Thursday, November 24, 2011


I have a confession to make. For years when people asked me if I knew, or used, the "tonal method" I'd nod sagely... however, I didn't actually understand what they were on about.

Then about five years ago the penny finally dropped. This hallowed "tonal method" was nothing more than a part of the basic art training I had started to receive in secondary school (about age 13-14), and on into college. That was it, no big secret, no fancy "technique of the ancients".

I merely had the luck to be born, and to have my artistic training, just prior to the end of the traditional system of art education. We did life-drawing (even in secondary school), learnt how to make paint and other materials, anatomy, and so on. In other words, the old-fashioned stuff. No big deal or fuss was made over it, it was just considered a foundation upon which "real" artistic activity would be based by on-going actual practice thereafter.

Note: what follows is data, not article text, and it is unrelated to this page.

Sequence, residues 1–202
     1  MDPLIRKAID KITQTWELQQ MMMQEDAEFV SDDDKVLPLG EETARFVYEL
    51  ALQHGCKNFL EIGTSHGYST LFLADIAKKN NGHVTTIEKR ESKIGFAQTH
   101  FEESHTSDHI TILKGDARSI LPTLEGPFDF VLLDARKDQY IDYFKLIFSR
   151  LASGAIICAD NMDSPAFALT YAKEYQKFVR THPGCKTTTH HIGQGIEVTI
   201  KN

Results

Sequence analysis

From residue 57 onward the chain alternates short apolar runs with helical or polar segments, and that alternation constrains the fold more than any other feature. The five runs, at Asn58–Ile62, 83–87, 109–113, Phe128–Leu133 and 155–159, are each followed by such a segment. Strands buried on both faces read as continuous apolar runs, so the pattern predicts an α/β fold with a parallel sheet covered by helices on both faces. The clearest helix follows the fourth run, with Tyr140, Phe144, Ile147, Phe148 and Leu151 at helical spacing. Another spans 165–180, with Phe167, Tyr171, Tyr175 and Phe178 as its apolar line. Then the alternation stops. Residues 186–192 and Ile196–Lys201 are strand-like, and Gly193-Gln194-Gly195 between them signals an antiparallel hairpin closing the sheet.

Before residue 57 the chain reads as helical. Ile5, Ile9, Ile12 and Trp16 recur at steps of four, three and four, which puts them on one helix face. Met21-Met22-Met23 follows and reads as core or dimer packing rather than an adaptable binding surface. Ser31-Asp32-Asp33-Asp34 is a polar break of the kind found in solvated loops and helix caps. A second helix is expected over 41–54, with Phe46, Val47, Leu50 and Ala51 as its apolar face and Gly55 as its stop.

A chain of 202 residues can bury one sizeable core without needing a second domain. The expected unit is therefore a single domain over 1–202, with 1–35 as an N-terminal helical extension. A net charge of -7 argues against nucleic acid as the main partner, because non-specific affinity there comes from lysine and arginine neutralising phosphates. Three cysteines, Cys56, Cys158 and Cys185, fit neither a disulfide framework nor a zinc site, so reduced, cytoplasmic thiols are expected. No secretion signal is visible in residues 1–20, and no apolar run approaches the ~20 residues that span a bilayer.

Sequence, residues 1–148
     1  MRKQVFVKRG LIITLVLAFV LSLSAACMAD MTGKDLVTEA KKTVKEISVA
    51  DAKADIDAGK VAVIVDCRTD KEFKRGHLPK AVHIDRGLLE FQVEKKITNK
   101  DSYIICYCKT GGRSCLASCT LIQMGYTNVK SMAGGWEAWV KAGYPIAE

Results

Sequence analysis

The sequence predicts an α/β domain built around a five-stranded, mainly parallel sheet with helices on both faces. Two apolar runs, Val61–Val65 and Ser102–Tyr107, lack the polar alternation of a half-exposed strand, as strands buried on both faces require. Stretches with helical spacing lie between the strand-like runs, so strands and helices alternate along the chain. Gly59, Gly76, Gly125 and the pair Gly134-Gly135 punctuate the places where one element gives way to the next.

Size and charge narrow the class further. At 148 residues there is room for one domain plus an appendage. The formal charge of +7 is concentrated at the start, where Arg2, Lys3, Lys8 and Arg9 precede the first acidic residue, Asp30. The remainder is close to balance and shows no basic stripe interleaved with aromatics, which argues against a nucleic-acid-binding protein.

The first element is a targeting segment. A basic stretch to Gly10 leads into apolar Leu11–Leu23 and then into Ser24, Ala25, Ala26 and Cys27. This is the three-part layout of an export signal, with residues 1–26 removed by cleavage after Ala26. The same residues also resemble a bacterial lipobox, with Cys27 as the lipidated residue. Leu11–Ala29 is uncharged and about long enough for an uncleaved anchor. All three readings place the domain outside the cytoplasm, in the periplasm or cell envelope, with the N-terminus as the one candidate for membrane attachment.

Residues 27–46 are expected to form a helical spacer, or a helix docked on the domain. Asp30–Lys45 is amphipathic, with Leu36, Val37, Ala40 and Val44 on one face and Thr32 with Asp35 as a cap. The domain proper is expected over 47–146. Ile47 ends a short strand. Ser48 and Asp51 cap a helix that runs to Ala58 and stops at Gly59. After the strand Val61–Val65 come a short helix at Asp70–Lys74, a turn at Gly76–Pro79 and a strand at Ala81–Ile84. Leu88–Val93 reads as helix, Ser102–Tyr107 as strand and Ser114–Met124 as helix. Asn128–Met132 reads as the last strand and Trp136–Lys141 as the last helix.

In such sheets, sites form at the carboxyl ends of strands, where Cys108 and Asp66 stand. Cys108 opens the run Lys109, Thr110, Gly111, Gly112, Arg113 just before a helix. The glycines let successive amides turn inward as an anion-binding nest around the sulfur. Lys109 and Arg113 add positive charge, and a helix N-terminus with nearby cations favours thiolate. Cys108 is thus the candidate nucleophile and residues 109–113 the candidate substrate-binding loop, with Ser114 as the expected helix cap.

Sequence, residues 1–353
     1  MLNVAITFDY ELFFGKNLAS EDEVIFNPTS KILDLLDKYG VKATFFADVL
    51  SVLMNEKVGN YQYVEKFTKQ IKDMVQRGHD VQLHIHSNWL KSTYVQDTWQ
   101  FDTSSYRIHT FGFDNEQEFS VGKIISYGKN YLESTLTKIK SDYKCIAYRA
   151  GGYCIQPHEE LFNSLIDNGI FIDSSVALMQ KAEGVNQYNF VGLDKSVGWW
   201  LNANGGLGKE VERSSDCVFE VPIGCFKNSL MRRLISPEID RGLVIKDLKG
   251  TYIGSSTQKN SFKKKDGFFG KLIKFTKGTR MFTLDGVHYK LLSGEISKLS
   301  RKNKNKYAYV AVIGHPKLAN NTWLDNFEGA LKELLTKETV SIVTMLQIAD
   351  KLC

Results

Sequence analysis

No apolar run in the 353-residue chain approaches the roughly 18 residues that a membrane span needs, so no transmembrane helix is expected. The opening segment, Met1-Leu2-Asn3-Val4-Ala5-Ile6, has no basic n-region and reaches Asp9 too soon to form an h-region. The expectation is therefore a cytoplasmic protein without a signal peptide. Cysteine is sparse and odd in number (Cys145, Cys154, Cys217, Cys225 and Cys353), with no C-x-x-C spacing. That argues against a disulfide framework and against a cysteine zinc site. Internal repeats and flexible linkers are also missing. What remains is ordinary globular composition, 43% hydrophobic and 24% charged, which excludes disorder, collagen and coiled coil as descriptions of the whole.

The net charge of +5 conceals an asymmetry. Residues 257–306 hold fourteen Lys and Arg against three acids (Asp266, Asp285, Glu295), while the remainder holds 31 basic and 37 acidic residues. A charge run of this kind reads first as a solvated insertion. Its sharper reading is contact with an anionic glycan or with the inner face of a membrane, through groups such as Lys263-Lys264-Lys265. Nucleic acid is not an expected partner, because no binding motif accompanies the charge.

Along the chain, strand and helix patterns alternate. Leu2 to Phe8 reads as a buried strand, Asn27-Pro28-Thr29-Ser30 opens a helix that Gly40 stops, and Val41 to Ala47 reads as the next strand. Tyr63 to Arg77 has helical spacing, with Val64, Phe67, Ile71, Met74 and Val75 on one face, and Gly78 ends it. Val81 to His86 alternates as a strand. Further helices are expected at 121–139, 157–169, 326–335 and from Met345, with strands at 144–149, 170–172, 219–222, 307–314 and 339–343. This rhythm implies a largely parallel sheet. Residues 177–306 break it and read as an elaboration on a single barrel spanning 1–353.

All that said, the reason this came back to mind was a fellow artist a couple of days ago asking me in hushed reverent tones about "the academic tradition"... to which I unthinkingly replied "you mean basic training"?

That shocked them. The thought that such could be considered only a foundation, and not a "sacred end-in-itself", I don't think had occurred to them. To me it's just basic stuff that is first learnt, then adapted to actual "real" practice (possibly even being abandoned altogether).

What really knocked them was my saying that "training is only training, what use it is turned to in one's practice is what matters". Isn't that obvious?

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